I remember the tedium of shelving a cart full of books each morning as a library aide in high school. Shoving along, I’d pick up the next book and scan the shelves for the right range of codes and stick the book in the right place. This job became for me like stocking candy in the candy store. My job was only to stock, never to taste, because there were always more books to shelve and after that, homework to do.
But this is also where my bucket list of books began. I saw titles I knew, just knew from anywhere, and so many of them piqued my interest. A book can take you anywhere because its only limit is what can be expressed in words and thought. Where is the limit to what you can imagine? Surely, I don’t know.
Anyway, one of the books that made the list was Do Androids Dream of Electric Sheep? by Philip K. Dick, a novel that certainly was nothing like I expected. First off, I learned it was made into a movie, Bladerunner, which I then found was not that movie where Wesley Snipes plays a vampire (Blade Trinity). Bladerunner has Harrison Ford and is famous for being awesome film noir, which honestly, I like in theory and hate in reality.
Do Androids Dream of Electric Sheep? is to me a passing-fair post-apocalyptic book about a married bounty hunter battling despair because he hates his job and lives in a half-abandoned post-nuclear-holocaust Earth. He wears a lead codpiece to guard against sterility from the leftover radiation and owns an electric sheep because his real sheep died, and real animals have become expensive status symbols since they were almost wiped out. Does this sound like Bladerunner to you?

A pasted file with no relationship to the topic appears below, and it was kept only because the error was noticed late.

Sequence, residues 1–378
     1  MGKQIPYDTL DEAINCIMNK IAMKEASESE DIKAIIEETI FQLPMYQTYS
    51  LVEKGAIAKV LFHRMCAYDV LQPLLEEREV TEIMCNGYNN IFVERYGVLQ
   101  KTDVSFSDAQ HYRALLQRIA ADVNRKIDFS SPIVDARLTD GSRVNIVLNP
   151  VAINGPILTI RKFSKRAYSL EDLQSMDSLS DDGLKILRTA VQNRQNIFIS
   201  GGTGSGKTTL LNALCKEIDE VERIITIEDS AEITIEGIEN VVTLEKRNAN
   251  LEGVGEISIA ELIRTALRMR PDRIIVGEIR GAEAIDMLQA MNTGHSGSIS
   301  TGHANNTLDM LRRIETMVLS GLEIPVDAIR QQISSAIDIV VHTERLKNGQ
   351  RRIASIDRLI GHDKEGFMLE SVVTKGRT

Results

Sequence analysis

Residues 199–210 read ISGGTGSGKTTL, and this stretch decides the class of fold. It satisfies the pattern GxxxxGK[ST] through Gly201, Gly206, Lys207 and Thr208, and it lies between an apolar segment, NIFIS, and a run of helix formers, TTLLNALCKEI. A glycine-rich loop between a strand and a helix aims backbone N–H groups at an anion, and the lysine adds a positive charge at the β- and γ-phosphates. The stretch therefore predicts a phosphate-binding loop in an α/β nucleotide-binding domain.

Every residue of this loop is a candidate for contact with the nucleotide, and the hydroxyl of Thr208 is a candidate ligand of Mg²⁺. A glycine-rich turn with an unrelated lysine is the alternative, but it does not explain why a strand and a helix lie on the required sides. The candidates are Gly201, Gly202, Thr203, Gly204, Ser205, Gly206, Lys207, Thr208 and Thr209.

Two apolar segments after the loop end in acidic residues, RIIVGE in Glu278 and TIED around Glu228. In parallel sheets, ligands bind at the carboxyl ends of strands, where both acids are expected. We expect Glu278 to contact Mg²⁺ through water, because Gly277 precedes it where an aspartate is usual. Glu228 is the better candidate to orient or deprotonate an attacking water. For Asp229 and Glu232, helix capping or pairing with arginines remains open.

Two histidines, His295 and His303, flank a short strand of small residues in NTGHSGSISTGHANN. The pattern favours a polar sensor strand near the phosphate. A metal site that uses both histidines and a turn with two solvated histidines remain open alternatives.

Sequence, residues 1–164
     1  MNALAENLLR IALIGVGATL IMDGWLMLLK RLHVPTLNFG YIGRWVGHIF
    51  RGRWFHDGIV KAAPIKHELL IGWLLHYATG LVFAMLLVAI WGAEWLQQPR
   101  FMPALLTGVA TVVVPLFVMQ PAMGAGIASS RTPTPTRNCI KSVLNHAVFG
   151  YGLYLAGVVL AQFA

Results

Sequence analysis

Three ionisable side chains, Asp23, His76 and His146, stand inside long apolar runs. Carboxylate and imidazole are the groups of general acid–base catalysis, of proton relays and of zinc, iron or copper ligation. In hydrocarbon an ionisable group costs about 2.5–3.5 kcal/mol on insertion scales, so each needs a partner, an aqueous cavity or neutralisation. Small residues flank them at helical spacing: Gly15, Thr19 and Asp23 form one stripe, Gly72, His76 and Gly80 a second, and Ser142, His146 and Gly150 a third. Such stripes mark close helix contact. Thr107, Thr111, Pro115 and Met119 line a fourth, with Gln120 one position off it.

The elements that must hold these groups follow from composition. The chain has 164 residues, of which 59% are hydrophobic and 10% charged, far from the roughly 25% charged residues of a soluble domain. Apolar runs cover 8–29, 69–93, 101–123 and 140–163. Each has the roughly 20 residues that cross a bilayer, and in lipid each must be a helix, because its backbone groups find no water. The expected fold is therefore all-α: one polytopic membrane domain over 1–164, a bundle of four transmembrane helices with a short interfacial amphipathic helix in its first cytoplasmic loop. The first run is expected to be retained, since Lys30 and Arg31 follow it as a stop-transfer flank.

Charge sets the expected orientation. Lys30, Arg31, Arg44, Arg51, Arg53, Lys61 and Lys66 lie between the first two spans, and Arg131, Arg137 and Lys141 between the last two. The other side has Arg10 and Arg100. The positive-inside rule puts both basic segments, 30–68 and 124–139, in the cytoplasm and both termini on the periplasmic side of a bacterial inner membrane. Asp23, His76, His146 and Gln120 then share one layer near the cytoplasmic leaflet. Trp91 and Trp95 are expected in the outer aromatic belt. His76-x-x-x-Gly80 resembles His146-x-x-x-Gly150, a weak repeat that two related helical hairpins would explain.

The basic plots are similar: chasing androids, the androids themselves, the questions and testing that are the only way to distinguish human and android…But many of the details that are kept lose their meaning because the context of the ruined world and its particulars are gone.
The book’s main point, preserved in the movie, is to question what makes us human and not machine, and some of that is accomplished quite well. But though I do love post-apocalyptic stories, film noir is not for me, and neither is its dark literary companion, absurdism. The post-apocalyptic environment of Do Androids Dream seems to force cultural practices to absurd extremes, and I find Bladerunner depressing.
Before I pronounce my last critical statements, I’d like to point out that I’m no film expert. Reading the book was a long time coming, and it took me to a whole othe world. Despite my own preferences, I still found Do Androids Dream of Electric Sheep? to be good fodder for that age-old debate about our humanity, and Bladerunner was very good for a dark, depressing movie.
Anyone care to weigh in on either the book or the movie? Has anyone out there even read the book? Tell us what you think.